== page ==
In the Matter of Instruments for Industry v. United States

496 F.2d 1157 (1974)

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In the Matter of Instruments for Industry v. United States

United States Court of Appeals for the Second Circuit
496 F.2d 1157 (1974)

  • Written by Liz Nakamura, JD

Facts

Instruments for Industry (IFI) (plaintiff) delivered electronic countermeasure equipment to the Bureau of Naval Weapons of the Navy Department (government) (defendant) pursuant to a government contract. The government inspected and accepted IFI’s delivered goods. Within one year of delivery, the government notified IFI that the delivered equipment was defective and that IFI had to repay the government over $390,000 pursuant to the guaranty clause of IFI’s contract. The guaranty clause stated that (1) IFI guaranteed the delivered goods were free from defects at the time of delivery; and (2) if the government notified IFI of any defects within one year of delivery, then IFI would be required either to replace the defective products or to repay the government for the portion of the contract price allocated to the defective goods. IFI subsequently filed for Chapter 11 bankruptcy, and the government filed its $390,000 claim in IFI’s bankruptcy proceeding. IFI challenged the government’s claim, arguing that, under the inspection clause in IFI’s contract, the government was prohibited from seeking recovery for non-latent defects in goods the government had previously inspected and accepted. The inspection clause of IFI’s contract stated that the government’s acceptance of IFI’s goods was final absent latent defects, fraud, or gross mistake. The bankruptcy court allowed the government’s claim to proceed. IFI appealed, and the district court reversed, holding that the government’s right to recover was barred by the inspection clause because it did not allege latent defects, fraud, or gross mistake. The government appealed to the Second Circuit.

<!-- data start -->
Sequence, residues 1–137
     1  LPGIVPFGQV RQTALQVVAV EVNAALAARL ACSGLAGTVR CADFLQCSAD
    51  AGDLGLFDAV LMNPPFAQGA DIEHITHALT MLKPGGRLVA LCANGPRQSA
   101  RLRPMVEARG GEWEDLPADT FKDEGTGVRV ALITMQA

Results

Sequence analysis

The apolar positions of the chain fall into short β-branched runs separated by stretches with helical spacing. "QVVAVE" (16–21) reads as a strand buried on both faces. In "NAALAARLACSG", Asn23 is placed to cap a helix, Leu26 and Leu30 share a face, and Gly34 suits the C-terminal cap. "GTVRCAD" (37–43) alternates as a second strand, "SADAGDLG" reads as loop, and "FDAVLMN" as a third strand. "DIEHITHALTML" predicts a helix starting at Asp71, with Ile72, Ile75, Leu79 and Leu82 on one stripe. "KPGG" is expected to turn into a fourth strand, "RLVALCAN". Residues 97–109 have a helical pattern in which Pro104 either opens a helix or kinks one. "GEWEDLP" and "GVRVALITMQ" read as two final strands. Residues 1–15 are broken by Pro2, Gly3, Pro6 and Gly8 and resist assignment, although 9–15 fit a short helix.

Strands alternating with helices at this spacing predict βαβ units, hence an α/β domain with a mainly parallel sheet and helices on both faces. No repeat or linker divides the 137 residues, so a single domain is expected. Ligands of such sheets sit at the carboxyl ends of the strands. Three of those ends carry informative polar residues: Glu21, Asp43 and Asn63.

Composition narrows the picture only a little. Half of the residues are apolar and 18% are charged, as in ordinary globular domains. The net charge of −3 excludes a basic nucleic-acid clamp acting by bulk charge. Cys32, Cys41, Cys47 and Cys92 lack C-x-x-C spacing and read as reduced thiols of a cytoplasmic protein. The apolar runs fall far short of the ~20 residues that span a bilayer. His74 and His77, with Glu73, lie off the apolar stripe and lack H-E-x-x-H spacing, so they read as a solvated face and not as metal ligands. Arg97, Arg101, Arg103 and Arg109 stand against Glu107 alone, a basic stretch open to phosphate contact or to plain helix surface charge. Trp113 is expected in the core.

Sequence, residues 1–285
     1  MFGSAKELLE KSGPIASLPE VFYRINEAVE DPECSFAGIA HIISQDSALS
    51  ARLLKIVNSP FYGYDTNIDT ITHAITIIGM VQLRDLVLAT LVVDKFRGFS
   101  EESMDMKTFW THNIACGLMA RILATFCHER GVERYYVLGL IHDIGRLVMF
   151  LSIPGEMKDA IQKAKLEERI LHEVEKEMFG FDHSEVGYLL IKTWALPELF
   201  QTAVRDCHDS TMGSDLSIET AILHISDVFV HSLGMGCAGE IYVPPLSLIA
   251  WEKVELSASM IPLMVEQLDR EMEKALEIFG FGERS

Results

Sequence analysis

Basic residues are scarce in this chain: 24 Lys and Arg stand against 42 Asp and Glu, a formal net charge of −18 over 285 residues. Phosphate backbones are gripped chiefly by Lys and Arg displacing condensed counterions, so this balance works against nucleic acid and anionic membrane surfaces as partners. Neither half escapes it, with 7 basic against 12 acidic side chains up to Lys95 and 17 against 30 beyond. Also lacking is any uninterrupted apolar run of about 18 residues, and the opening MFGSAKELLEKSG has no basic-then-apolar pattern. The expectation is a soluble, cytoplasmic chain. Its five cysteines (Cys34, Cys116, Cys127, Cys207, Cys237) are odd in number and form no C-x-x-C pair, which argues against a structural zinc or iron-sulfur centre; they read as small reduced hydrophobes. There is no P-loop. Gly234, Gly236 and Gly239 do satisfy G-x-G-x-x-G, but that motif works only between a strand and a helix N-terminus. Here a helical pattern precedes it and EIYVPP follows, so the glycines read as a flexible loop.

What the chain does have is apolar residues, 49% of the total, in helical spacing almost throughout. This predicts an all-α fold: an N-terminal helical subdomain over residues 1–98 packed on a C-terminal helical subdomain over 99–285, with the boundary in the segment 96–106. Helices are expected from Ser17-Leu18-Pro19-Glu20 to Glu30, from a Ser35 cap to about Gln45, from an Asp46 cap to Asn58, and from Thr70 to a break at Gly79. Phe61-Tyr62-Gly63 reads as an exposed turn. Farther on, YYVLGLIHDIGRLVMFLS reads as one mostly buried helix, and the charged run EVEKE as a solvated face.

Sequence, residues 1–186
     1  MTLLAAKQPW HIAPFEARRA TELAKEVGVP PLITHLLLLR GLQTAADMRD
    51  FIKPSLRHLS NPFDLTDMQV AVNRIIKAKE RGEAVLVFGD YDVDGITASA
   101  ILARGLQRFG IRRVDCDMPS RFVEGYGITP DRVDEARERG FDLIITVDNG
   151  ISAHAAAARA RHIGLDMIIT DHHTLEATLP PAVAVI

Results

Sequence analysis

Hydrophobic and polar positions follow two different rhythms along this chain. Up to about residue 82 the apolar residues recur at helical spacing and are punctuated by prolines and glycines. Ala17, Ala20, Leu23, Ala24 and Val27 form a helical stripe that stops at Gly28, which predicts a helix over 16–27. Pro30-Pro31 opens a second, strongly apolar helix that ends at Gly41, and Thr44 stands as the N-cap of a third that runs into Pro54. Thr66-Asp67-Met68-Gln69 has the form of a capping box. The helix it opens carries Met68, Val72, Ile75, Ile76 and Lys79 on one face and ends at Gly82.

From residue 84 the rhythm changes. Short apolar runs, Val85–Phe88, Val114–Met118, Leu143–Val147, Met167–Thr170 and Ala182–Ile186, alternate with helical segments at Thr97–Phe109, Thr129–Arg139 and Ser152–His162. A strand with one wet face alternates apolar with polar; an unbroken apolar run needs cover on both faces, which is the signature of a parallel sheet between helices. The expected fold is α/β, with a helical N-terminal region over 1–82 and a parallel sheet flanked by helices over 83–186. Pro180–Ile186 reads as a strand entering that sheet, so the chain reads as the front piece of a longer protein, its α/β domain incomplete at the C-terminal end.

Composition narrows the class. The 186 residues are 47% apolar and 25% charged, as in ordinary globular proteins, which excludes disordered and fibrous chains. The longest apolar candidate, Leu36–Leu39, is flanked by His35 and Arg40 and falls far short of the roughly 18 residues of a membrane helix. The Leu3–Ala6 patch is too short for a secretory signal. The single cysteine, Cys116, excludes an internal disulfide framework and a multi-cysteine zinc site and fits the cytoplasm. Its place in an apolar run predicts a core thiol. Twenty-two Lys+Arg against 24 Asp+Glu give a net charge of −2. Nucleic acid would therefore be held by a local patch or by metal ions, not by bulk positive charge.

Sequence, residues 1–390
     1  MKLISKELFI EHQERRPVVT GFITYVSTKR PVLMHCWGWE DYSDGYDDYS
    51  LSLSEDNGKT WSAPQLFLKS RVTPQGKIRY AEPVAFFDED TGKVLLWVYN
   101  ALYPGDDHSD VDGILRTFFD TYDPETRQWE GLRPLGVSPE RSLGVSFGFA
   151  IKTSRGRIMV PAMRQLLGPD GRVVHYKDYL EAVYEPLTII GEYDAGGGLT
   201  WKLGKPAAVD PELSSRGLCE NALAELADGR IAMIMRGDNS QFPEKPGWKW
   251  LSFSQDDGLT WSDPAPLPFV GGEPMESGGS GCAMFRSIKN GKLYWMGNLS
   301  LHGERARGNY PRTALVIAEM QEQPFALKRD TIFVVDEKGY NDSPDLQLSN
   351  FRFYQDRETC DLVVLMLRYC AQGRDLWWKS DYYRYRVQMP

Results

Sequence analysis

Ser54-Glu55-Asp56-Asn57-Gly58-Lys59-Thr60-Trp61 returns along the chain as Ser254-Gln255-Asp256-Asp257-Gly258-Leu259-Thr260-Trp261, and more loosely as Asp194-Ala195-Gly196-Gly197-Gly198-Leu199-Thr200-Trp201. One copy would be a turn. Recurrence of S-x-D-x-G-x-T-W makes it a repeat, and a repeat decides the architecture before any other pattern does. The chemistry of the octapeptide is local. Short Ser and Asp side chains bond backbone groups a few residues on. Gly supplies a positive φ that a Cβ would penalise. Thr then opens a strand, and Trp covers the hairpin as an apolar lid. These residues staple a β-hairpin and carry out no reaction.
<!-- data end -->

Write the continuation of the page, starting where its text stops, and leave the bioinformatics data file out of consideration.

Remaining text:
Rule of Law

Issue

Holding and Reasoning (Davis, J.)

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